European Parliament rejects proposed tough chemicals controls
Environmental groups have harshly condemned Parliament’s rejection of tougher controls proposed by the Commission, but the chemical industry is content.
The European Parliament has rejected the calls of EU Environment Commissioner Margot Wallström and European governments to significantly expand a ban proposed in the European White Paper on chemicals (see related story)
on substances that are proven to be carcinogenic, mutagenic and toxic to reproduction (CMR), limiting it to CMR categories 1 and 2 substances and to persistent organic pollutants (POPs). This means that a proposed ban on bioaccumulative and toxic chemicals (PBTs), very persistent and very bioaccumulative substances and endocrine disrupters was also rejected. In a further defeat for Swedish Green rapporteur, Inger Schörling, Parliament also rejected a call to include substances produced in volumes of less than one tonne a year in a possible ban or to extend substance registration requirements for them.
What was preserved in the proposed legislation and adopted by 242 votes to 169 was that hazardous chemicals should be phased out by 2020 and replaced with safer alternatives (see related story). It also voted for the Commission’s plan to establish a single system for the registration, evaluation and authorisation of both existing and new chemicals, to replace the existing cumbersome and ineffective legislation, but wants to go further. The House backed Schörling’s demand that substance must be phased out as soon as they are shown to be of “very high concern” unless their use and their hazardous properties are essential to society and there is no safer alternative, in which case they should be authorised on a temporary basis and banned after 2020.
Parliament also wants chemicals present in manufactured goods included in the new regime and says they must be banned as soon as safer alternatives are available, and by 2012 at the latest. It also wants consumer products to carry labels informing consumers of substances of very high concern contained in them and it wants the new rules on chemicals to apply to imports into the EU.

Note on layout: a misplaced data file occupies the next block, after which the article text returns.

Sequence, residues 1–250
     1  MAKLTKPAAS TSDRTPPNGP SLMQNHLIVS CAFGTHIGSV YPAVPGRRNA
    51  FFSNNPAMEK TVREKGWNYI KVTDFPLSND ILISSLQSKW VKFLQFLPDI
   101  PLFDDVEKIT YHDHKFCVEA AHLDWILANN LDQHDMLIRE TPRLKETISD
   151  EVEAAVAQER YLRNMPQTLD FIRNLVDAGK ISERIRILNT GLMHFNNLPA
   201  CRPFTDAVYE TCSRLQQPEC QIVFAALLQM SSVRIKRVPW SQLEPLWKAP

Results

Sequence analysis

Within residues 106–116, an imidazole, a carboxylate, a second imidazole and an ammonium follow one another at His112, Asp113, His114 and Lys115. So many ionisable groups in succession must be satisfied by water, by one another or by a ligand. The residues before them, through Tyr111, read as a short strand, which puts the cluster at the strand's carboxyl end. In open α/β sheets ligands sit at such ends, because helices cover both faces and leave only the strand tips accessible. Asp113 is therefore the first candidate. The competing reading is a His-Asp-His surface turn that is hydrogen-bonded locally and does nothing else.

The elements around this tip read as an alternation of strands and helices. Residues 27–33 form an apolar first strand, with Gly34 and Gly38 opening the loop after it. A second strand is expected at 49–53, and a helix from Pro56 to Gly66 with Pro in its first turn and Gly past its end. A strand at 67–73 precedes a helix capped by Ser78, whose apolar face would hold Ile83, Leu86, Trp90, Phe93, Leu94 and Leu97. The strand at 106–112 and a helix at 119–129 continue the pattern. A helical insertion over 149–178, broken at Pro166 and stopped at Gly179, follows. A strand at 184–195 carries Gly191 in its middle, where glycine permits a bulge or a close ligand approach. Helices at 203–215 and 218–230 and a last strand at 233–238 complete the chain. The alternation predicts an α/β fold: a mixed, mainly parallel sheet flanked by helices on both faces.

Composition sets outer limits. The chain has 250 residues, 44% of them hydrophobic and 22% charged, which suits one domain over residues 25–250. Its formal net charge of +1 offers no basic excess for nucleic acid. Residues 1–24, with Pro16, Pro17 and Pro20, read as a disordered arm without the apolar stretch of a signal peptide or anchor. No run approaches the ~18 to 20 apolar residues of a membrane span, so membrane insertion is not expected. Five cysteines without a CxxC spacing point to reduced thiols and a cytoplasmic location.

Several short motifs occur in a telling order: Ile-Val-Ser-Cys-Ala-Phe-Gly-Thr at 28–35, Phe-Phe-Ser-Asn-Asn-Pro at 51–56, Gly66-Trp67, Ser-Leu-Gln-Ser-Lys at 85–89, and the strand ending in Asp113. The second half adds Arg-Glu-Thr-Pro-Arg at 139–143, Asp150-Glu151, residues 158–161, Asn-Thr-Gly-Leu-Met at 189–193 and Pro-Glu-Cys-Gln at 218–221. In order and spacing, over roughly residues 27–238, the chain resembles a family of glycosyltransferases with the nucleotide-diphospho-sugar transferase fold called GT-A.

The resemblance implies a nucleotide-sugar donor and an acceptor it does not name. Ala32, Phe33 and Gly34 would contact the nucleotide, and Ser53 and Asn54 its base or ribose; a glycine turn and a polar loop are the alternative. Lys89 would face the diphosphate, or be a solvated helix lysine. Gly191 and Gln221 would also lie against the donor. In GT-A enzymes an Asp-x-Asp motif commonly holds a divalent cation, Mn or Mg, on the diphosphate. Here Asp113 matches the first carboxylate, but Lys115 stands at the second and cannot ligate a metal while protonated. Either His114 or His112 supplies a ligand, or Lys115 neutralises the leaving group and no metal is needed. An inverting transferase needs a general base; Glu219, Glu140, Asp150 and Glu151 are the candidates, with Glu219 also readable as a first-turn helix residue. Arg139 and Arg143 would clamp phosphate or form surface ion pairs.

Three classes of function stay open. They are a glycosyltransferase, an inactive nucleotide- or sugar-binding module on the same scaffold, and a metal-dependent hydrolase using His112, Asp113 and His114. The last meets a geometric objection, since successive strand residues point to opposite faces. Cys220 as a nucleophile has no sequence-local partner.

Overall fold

MEPs also backed additional calls for the effects of chemicals on children’s health and on the unborn child to be taken as a reference for human health assessments and are demanding that animal testing be reduced to the minimum and banned where recognised alternative tests are available. They also want strict liability under Community legislation (see preceding story) for damages to human health and the environment to cover all chemicals and their uses.
At the same time, Parliament, said it is keen to ensure that the needs of industry, especially small business, are taken on board under the new chemicals strategy, which must avoid excessive red tape and protect commercial confidentiality. The European Chemical Industry Council (Cefic), the forum and the voice of the European chemical industry, representing about 40,000 companies, broadly welcomed the proposals, which it called “a new step in the process of developing the future chemical legislation”. “The chemical industry appreciates that the European Parliament has taken major amendments on board in order to keep the future system workable,” said Alain Perroy, Cefic Director General.
However, green groups, headed by Europe’s biggest federation of environmental NGOs, the EEB, were scathing in their criticism of the parliamentary resolution. “With this vote European politics has lost credibility with the general public, who expect their representatives to safeguard them from attacks on their own and their children’s health,” said John Hontelez, EEB’s Secretary General. “This vote comes to us as a shock,” said Jorgo Iwasaki-Riss, Greenpeace Chemicals Advisor said. “MEPs have chosen to ignore the scientific consensus and the agreement of the EU Council of Ministers on the need to take effective action to reduce our exposure, even to the most hazardous chemicals.”
The proposals will now pass to the Council of the European Union for reconsideration.
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